Glenn Manton Tedx talk.
Glenn was recently invited to share a TED talk at the MEME theatre in St Kilda which was recorded and will soon be uploaded.
It was titled -
A STORY OF MALE TO MALE MENTORING.
Please see link below to view perforamce
The Australian education system requires a rethink.
Article written by Glenn Manton
First, the education system promotes numbers before students, at times refusing to acknowledge that students are people. The blind pursuit of ATAR- or NAPLAN-based numbers consistently compromises the personal development of young students. Global and localised real learning is lost to standardised testing and enter scores which time ultimately proves hollow.
The vacuum of pressure caused by this numbers-first approach suffocates even the most dedicated students and staff, with reports finding that stress and anxiety levels among both groups continue to rise sharply. Witness the rate of VCE and university completion as evidence that the education system values the numbers more than the student (person). Similarly for those students choosing alternative learning pathways such as VCAL, only to find themselves regarded as second-class citizens by a system that not only fails to acknowledge them but fails to play to their strengths.
Second, current teacher training limits relationship development. True teaching occurs as a two-way process. Sharing, listening and questioning are important platforms from which to disseminate information. Ask any student who their favourite teacher is and they will select someone who thoughtfully shares aspects of their personal lives with creativity in conjunction with teaching the curriculum.
Potentially great teachers are being lost as a result of a narrow training focus. Many teachers haven't been taught how to build real rapport with their students. Recent statistics show that most teachers engage their chosen profession for five years on average before choosing an alternative career path. While there are no doubt many professional and personal reasons for this change of tack, one standout reason appears to be an inability to connect with students on a personal level.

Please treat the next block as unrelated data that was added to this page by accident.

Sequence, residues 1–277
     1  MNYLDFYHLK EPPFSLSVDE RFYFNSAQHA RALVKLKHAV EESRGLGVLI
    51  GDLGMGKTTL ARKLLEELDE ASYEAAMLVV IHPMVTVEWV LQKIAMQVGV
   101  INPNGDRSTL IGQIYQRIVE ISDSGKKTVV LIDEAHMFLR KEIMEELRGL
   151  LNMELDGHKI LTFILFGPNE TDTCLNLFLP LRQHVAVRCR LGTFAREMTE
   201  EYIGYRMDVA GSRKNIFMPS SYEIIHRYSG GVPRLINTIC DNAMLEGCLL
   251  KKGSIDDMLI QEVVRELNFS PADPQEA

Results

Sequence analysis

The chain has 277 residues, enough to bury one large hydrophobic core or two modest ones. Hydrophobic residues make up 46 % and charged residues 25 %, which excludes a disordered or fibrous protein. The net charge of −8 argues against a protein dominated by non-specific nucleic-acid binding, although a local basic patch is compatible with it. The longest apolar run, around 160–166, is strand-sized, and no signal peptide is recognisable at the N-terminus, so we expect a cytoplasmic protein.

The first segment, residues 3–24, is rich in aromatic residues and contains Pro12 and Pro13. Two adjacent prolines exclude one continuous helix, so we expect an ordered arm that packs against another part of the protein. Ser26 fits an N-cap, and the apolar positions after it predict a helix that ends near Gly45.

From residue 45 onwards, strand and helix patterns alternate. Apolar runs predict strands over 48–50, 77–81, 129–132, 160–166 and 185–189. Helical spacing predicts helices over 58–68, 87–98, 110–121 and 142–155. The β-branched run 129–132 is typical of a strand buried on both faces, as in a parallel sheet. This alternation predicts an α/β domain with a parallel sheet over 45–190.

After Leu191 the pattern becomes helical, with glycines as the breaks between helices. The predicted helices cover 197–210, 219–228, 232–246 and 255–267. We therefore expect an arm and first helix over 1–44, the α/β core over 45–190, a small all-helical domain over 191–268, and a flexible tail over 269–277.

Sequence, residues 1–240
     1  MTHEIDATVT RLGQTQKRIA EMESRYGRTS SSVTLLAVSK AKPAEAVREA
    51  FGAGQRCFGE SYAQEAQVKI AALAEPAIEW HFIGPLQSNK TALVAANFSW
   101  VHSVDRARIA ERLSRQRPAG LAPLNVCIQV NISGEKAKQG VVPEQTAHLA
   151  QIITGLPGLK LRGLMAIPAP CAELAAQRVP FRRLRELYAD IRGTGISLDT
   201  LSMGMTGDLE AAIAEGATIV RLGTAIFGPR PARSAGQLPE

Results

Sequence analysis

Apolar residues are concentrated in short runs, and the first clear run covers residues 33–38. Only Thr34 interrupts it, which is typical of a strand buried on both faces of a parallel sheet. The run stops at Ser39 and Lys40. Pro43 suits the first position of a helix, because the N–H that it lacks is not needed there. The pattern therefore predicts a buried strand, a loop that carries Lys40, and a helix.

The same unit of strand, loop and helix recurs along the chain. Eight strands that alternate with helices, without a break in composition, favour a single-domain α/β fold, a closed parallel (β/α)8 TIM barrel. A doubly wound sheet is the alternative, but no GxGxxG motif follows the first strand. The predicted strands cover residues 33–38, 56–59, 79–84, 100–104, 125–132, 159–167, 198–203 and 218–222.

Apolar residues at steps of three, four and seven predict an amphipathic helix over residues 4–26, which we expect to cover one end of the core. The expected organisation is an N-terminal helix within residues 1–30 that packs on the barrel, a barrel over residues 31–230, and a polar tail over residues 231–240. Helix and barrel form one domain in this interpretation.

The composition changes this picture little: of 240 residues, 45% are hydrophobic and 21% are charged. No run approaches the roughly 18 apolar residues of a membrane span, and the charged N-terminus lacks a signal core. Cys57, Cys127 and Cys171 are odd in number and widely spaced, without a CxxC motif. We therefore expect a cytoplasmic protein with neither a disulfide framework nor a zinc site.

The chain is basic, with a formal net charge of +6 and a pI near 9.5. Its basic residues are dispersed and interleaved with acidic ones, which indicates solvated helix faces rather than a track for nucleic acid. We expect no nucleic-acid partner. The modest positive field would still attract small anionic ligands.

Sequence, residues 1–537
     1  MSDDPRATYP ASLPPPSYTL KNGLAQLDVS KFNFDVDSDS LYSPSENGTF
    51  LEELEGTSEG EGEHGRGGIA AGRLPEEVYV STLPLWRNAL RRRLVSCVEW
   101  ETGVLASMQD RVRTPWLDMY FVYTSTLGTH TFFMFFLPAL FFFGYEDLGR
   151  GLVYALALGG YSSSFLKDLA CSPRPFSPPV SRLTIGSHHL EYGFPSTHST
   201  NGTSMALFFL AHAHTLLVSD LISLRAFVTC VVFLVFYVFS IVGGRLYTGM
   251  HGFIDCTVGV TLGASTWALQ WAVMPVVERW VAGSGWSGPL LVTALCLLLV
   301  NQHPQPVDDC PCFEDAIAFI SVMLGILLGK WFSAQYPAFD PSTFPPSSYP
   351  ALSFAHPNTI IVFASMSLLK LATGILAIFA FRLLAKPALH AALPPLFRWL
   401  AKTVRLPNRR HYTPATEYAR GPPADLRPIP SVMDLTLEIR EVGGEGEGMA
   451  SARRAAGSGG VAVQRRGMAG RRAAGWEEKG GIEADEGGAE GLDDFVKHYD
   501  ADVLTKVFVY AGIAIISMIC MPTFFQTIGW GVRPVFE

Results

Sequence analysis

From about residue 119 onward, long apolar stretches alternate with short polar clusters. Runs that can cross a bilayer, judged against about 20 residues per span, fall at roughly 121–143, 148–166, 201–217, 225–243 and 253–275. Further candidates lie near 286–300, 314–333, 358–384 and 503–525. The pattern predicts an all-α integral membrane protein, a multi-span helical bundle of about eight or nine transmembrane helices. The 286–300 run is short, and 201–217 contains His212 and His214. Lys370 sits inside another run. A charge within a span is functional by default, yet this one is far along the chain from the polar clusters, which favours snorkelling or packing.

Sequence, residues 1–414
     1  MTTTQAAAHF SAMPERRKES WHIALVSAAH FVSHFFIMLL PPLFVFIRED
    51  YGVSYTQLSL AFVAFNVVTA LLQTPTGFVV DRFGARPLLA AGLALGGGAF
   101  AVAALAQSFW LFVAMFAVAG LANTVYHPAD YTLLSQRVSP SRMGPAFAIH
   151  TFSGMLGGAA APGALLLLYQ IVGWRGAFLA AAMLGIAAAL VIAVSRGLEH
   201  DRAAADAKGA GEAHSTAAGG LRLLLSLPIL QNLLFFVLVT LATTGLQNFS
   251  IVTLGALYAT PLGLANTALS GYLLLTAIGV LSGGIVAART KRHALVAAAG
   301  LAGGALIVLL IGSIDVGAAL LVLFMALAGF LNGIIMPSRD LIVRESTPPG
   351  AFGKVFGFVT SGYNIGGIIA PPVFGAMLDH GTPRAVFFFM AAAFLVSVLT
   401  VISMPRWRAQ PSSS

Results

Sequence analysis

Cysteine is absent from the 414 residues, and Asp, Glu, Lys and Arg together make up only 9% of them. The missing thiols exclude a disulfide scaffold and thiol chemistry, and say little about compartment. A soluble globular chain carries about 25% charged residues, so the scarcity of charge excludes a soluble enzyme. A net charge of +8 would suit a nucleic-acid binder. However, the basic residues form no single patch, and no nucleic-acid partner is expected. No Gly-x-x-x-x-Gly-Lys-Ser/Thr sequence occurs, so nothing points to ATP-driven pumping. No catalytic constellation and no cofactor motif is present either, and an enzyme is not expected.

Personal connection between teachers and students builds rapport, develops respect and encourages broad communication. Universities appear out of touch in the provision of their teacher training which prompts the question: Are universities the best institutions in which to be developing prospective teachers?
Teachers educate via a combination of curriculum-based information and personal experience. Teaching without the ability to create, develop or sustain individual student relationships simply burns teachers out by creating an 'us versus them' environment.
Third, aspects of the curriculum are outdated, leaving both students and staff hamstrung by obsolete components of the curriculum.
Teachers’ pedagogy needs to shift to allow for the affordances of technology, societal values and popular culture. Teachers cannot teach as they did 20 years ago, not even as they taught five years ago.
Creating a curriculum that is relevant to current and future culture should be a joint affair, with teachers and students identifying which components hold relevance and value, and which components don't. A mathematics staple such as Pythagoras's theorem, which few students will practice in an ongoing manner, needs to be reconsidered as baseline learning. Whereas a focus on media practice would allow our youth to dissect news and advertising, and enable them to navigate social media, potentially lowering the rates of various psychological issues that currently plague the community. These are just two examples of content that would bring relevance and value for the modern student and promote fluidity with the world around them. There are many more.
Fourth, innovation should be encouraged at the expense of failure. Every school has the ability to innovate. And yet few do, as the ATAR–NAPLAN focus negatively impacts on their ability and willingness to innovate. The mySchool website compares schools based on these narrow measures with such a focus crippling true innovation.
Schools must seek innovation by modifying existing ideas and creating bespoke solutions that best fit their environment and young people. However, fear of the status quo means that potentially invaluable ideas lay dormant or get quashed. Failure drives success. A school provides a uniquely captive audience against a focussed allocation of time. School traditions beg to be massaged.
Anything that positively promotes relationships and communications within and beyond the school grounds is a win for all stakeholders. Developing and maintaining optimum staff and student morale is worth an investment in considered chance.
Fifth, education policy is being directed by disconnected 'experts'. Ten years of Australian political instability has resulted in many missed development opportunities. The educational space has not been immune.